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ment when Minerva should illumine the ring “Yes; I'm Matilda Higgins. I look kind o' with her presence.

different in this rig, don't I ?” He had not to wait long. To the strains The electric light shone relentlessly on her of “See, the conquering hero comes!" the painted cheeks and the few wisps of black lions' cage entered, drawn by milk - white hair showing beneath her bat. horses. Once more Minerva was between the “Yes, you do-- at least - that is — well, I lions; but this time one happy beast was rest- thought you had yellow hair," stammered poor ing his head on her knees, and her mus- Elisba. “But I wanted to see you to tell you cular but shapely arm encircled his tawny how much I admire you for riding in the lions' neck.

cage. It — it's splendid of you, I think. I

should never dare to" She that perforce robs lions of their hearts May easily win a druggist's.

“Oh, that ain't anything,” cried tbe ama

zon, in tones scornful of her own prowess. Elisha could not conceal his agitation. “Why, the lions are as quiet as lambs, and I “Oh, do be careful! Do take care!" he heard only get into the cage after they've had a himself saying, loud enough to cause amuse- good square meal. Besides, if they did get ment to his neighbors, but he was unconscious mad, I'd shoot 'em. But they know me, an' of himself.

they kuow I ain't afraid. I don't know what The cavalcade went slowly around the ring 'tis to be afraid of anything." and passed out, amid the applause of the peo- “Oh dear, just think of that!" exclaimed ple, the rustling accompaniment of breaking Elisha, feebly. peanut shells, and the appreciative munching “ You can walk along with me to the place of pop-corn. Elisha slipped from his seat and where I'm stoppin'," the damsel went on. "I followed at a respectful distance. With tren- hate sleepin’in the tent. It's more genteel to bling fingers he pressed a piece of silver into have a place outside, an' I've always been used the willing hand of some functionary in uni- to genteel surroundin's. The Female Contorform, and took a modest position at the door tionist and the Mysterious Lady don't seem to of the tent into which the lions' cage had dis- mind, but it's the one thing I'm kind o' set appeared.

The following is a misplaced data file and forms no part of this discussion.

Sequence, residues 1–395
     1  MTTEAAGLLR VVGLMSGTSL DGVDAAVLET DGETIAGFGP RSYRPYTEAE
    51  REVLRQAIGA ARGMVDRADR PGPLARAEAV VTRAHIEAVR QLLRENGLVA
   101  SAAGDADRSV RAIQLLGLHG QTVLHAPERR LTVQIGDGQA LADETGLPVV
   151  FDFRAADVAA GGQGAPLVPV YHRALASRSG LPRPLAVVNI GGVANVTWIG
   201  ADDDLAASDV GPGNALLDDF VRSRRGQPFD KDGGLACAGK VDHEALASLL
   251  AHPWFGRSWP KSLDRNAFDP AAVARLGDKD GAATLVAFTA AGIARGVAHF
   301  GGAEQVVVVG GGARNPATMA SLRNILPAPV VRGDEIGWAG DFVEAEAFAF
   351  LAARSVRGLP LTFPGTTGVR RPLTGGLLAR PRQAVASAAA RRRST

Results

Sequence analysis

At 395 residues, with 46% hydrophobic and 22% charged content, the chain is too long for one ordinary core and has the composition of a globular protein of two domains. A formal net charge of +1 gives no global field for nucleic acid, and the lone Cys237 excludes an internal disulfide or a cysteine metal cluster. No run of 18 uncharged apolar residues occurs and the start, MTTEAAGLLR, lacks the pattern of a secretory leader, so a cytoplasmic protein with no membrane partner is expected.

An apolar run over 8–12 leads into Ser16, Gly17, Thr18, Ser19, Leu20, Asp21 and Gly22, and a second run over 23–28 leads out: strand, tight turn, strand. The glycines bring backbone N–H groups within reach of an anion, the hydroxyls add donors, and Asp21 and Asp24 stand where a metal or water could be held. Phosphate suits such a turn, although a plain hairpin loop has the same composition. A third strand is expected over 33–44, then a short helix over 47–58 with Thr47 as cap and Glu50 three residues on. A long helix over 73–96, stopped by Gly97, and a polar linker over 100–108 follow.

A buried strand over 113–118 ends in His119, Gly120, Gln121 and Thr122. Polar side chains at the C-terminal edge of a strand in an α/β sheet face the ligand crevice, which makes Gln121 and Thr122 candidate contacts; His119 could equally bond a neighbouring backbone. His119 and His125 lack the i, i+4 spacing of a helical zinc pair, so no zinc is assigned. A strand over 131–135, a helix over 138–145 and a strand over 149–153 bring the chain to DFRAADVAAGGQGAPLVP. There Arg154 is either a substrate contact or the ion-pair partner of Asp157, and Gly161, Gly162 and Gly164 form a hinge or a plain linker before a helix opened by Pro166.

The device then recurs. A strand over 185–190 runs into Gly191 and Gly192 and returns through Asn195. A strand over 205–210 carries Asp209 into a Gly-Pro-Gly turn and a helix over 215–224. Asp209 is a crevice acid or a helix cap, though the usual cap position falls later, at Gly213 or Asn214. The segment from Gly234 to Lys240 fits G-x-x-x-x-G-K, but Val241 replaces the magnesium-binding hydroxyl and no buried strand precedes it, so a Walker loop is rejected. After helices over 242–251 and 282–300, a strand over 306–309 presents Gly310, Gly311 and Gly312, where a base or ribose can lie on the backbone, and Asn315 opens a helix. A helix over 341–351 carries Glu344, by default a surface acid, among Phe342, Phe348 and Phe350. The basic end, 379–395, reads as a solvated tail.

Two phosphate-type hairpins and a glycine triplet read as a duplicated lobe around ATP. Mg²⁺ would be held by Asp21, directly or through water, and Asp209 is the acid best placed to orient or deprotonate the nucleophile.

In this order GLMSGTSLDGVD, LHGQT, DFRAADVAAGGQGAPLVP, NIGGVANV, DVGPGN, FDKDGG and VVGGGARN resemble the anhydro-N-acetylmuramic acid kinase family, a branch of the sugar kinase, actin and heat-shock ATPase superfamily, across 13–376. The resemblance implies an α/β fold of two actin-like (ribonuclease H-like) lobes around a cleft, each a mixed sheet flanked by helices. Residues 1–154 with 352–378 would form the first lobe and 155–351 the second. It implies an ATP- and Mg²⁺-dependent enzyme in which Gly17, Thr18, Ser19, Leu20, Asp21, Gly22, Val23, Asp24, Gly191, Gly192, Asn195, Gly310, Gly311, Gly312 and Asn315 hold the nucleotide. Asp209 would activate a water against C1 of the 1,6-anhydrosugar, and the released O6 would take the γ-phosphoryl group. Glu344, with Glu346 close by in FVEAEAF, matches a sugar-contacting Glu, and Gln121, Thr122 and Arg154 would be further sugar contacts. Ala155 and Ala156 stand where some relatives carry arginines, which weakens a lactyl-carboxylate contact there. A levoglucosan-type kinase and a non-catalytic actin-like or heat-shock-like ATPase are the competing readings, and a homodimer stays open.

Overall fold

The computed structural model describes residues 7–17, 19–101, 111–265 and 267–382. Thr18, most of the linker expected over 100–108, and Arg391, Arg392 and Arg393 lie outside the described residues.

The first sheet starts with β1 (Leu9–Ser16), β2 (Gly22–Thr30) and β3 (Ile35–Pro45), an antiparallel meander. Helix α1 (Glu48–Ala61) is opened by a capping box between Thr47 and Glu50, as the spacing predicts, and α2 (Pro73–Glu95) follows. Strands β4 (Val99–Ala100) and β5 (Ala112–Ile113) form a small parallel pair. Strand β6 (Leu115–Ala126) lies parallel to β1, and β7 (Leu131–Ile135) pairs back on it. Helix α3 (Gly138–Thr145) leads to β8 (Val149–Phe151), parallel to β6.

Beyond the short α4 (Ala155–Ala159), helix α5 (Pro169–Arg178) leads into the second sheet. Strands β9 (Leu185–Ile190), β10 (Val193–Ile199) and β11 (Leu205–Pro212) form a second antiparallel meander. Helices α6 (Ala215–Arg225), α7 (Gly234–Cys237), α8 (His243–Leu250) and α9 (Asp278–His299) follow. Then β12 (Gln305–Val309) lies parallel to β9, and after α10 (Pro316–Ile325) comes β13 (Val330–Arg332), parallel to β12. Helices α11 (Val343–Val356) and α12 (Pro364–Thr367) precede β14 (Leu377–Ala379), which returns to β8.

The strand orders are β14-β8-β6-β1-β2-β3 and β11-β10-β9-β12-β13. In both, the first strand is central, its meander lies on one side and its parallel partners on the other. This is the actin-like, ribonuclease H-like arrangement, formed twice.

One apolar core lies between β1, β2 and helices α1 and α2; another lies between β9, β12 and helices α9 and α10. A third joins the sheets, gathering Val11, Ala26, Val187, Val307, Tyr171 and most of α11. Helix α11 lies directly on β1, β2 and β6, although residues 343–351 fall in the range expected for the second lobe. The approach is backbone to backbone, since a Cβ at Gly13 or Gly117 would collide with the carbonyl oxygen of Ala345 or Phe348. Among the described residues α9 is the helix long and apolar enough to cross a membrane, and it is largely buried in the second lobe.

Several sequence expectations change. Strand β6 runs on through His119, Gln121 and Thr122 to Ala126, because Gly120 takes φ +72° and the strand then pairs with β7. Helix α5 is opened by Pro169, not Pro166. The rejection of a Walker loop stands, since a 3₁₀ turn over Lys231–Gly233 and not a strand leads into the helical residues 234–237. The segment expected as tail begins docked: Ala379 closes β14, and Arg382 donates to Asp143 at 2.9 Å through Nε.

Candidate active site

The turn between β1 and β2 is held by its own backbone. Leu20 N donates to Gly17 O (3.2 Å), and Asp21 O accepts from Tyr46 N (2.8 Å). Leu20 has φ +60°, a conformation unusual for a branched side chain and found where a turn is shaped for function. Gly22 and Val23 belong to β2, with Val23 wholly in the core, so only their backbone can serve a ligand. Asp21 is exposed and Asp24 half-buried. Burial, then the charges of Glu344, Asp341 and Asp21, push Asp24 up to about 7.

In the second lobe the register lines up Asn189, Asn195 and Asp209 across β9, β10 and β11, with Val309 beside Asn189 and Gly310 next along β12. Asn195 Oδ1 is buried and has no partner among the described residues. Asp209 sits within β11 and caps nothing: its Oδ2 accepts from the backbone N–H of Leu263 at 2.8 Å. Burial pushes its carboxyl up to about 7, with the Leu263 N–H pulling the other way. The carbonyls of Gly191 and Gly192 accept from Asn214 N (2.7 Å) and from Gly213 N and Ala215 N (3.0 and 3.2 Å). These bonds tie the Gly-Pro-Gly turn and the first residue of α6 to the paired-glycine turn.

about. I do like to sleep in a house." “I-I wish to speak to-to Miss Minerva Elisha hurried along by her side with short, Montague,” he said in a nervous whisper, nervous steps. The top of his head was on a trying to assume tbe manner of a habitual level with her chin, and he was quite overhaunter of greenrooms.

powered by her physical and moral superi“Yes, sir; she'll be out directly. I'll tell ority. her you're waitin'," replied the official, depart- “Why did you want to see me, anyway?" ing with an alacrity which only bribery could Minerva demanded, after a silence, during have induced. In a few moments he returned. which Elisha had been trying to think of “Miss Higgins says she don't know who you some appropriate remark, be,” he announced; "but she says she'll be “Why-why-I admired you awfully this goin' outer that side entrance in five min- morning," he said, so incoherently that she utes, an' if you've any business with her, you bad to incline her ear to catch his words. can wait there."

“ I've been thinking about you all day. I Thank you very much," said Elisha, polite- just couldn't keep away from you. That's ly, “but I don't know Miss Higgivs. It's Miss why I'm here." Montague I want to see-Miss Minerva Mon- “ Well, well, to think of that!" said Minerra, tague.”

evidently much flattered. “An’ That's your “Same person,” replied the man of many

name ?" buttons. Stage name, Minerva Montague. “My name's Elisha Jenkins, and I work in Real name, Matilda Higgins."